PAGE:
Travis Pastrana has leaped from an airplane without a parachute and jumped a rally car nearly 300 feet off a pier to a floating barge. Yet, he's seldom felt anything as extreme as his first trip around Darlington Raceway on Friday.
It was the "most cared I've been in a vehicle, in anything with a roll cage for sure," Pastrana said after Nationwide Series practice.
Pastrana is competing in his second career Nationwide Series event on Friday night. Pastrana made his debut at Richmond last month and finished 22nd.
Pastrana's spent his career on the edge. He's been an X-Games medalist, raced monster trucks, competed in motocross, supercross, RallyCross, the 24-hour race at Daytona, several international events and starred in an extreme-stunt series called "Nitro Circus."
Pastrana's spent his career on the edge. He's leaped from a plane without a chute over Puerto Rico, meeting up with another jumper on the way down for a safe tandem landing. Two years ago, he set a world record when he jumped his rally car 269 feet off a California pier onto a floating barge anchored in Long Beach's Rainbow Harbor.
Right from the start, Pastrana knew Darlington was something completely different.
"Never really been scared in NASCAR until today, for sure," Pastrana said.
Pastrana is competing in his second career Nationwide Series event on Friday night. Pastrana made his debut at Richmond last month and finished 22nd. He said he's never raced a track that kept pushing the car up closer to the wall on every lap.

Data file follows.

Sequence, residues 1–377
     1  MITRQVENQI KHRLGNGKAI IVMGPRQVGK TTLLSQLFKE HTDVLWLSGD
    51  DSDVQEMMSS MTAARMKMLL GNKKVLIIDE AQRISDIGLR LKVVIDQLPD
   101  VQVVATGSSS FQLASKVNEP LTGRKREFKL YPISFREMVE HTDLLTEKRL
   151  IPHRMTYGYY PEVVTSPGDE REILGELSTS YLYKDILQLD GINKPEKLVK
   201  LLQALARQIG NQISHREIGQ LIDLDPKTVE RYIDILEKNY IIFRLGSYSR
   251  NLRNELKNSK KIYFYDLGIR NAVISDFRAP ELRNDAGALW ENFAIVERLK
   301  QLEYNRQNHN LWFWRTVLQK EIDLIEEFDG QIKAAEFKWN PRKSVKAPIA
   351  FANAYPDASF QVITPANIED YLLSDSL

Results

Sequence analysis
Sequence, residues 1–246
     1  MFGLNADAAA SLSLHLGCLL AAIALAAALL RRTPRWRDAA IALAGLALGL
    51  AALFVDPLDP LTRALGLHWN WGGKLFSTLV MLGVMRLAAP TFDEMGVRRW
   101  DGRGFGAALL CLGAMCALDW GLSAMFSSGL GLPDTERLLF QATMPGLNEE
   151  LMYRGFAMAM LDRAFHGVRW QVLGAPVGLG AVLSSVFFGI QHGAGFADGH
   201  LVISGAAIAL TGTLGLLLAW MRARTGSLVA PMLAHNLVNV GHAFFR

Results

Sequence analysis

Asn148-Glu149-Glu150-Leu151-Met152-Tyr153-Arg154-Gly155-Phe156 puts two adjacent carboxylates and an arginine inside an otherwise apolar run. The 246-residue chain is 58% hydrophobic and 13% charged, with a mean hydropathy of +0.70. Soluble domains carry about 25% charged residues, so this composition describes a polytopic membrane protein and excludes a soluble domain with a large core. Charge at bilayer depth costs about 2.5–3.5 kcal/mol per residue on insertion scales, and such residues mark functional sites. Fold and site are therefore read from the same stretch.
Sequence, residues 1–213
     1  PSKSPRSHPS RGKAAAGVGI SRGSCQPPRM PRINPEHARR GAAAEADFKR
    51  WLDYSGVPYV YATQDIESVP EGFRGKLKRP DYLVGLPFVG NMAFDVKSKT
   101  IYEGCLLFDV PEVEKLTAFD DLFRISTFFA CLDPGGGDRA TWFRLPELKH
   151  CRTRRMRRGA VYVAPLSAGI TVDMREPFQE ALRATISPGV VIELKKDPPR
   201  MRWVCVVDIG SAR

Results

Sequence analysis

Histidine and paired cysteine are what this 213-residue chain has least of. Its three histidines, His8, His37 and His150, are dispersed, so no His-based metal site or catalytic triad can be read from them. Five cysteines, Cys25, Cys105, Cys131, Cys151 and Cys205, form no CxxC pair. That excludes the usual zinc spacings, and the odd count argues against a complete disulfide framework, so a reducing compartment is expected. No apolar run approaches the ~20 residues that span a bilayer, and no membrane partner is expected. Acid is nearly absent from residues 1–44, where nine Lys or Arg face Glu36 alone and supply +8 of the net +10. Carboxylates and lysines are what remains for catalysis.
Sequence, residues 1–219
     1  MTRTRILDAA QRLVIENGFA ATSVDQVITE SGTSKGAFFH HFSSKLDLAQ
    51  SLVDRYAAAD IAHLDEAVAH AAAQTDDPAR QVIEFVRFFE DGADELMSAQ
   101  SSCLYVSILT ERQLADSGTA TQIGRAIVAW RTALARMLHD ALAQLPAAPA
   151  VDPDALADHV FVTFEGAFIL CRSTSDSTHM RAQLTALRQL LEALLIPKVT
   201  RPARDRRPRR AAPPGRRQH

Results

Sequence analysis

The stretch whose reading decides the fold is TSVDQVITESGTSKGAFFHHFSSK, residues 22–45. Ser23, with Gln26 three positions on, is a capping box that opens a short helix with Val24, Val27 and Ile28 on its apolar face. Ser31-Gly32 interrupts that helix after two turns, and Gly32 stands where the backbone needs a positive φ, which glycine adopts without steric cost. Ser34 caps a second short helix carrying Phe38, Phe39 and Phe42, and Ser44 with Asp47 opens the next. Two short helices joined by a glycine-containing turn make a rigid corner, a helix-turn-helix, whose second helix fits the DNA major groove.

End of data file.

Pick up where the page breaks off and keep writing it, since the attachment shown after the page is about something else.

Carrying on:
"With rally, there's certain times that there's a 100-foot cliffs or trees or snow or fog or whatever and that's scary," Pastrana said. "But this, you know what's coming up and the fact that it is still scary is still overwhelming."
Sprint Cup driver Greg Biffle said first timers face an immense challenge in getting up to speed at Darlington. "This place is very, very unforgiving," Biffle said.
Pastrana did two complete spins trying to navigate the track in practice. He kept the car out of the wall. Pastrana's was told the best drivers fight the car's natural tendency to push up to the wall and keep it pinned to the spot in the middle of the track. "So I did that and I spun a 720 (degrees) down the backstretch and was able to keep it off the walls and realized maybe I'm not a good driver yet."
It could take Pastrana some time to compete in NASCAR. He made his debut at Richmond last month and finished 22nd. Pastrana hopes to keep on the lead laps. He remembered how he fell from 25th to 35th at Richmond over the first two laps.
"These guys, it's like sharks in the water," Pastrana said. "When they smell blood if you mess up a little bit, you're going back huge."
Pastrana thinks the way he's handled fear in his other extreme sport stunts and pursuits will aid him at Darlington. "The toughest part is not just saying, 'Okay, I'm going to do this,' but saying, 'All right, I'm going to do this and I'm not going anyone else or myself out in the process.'"
Pastrana came to Darlington after getting a haircut. Gone is the mullet he promised Jimmie Johnson he'd keep until winning.
"My wife said it was either divorce or cut hair," Pastrana said. "She wasn't too optimistic about my winning in the near future."